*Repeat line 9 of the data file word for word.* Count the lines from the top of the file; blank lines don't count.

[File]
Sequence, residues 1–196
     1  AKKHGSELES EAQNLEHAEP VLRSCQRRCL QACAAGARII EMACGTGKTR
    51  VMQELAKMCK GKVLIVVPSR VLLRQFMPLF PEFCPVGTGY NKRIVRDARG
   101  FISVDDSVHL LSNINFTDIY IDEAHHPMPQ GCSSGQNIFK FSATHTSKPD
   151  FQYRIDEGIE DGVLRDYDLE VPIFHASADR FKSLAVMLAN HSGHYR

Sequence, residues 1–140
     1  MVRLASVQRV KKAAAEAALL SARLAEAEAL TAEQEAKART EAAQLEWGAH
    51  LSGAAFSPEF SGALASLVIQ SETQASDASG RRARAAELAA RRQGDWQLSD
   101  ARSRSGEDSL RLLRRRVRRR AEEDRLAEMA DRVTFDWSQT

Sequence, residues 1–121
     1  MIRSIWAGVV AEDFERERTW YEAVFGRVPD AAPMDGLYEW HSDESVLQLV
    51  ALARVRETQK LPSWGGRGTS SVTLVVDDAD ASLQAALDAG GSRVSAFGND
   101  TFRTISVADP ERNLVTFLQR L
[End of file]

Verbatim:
   101  ARSRSGEDSL RLLRRRVRRR AEEDRLAEMA DRVTFDWSQT